According to the publication, ‘the commitment by the overwhelming majority of Cuban artists to the Biennial is supported by the emancipating, open and socially inclusive character that has characterized the event since its foundation.’
In the heat of the commemorative actions for the Day of Cuban Culture, the institution issued a statement which explains that ‘no misrepresentation, no plot hatched by those who seek to isolate the nation, undermine our sovereignty and destroy the legitimacy of social consensus, will make us change our goal.’
It also highlights the leading role played by Cuban creators in the Biennial in close alliance with cultural institutions, and it is the artists who ‘decide the agenda of the event and welcome the colleagues who honor us with their participation.’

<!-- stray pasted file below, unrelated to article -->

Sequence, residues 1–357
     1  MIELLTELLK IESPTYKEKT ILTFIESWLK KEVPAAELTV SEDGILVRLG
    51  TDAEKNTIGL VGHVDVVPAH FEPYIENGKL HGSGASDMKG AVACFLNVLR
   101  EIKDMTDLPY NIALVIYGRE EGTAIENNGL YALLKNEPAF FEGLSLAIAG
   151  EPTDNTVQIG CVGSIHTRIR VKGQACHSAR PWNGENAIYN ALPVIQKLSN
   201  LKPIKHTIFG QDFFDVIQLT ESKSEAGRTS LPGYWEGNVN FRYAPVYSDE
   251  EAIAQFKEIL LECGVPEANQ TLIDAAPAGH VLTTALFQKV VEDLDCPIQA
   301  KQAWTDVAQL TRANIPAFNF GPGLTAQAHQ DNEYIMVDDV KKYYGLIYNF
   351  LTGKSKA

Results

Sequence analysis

We bet on making Havana and other cities a space for dialogue with creators and diverse expressions from different parts of the world, and in particular, from Asia, Africa, Latin America and the Caribbean, it concludes.
The statement criticizes the counter-revolutionary campaign unleashed against the cultural sector and the policies outlined by the Cuban Revolution. This strategy is aligned with the economic, commercial and financial blockade imposed by the United States.
Since 1984, the event has summoned curators, gallery owners, critics and theoreticians to exchange in a space for dialogue and reflection of singular importance in the international art scene.
This year, the Biennial will be held in Havana for six months, at the request of Cuban artists themselves.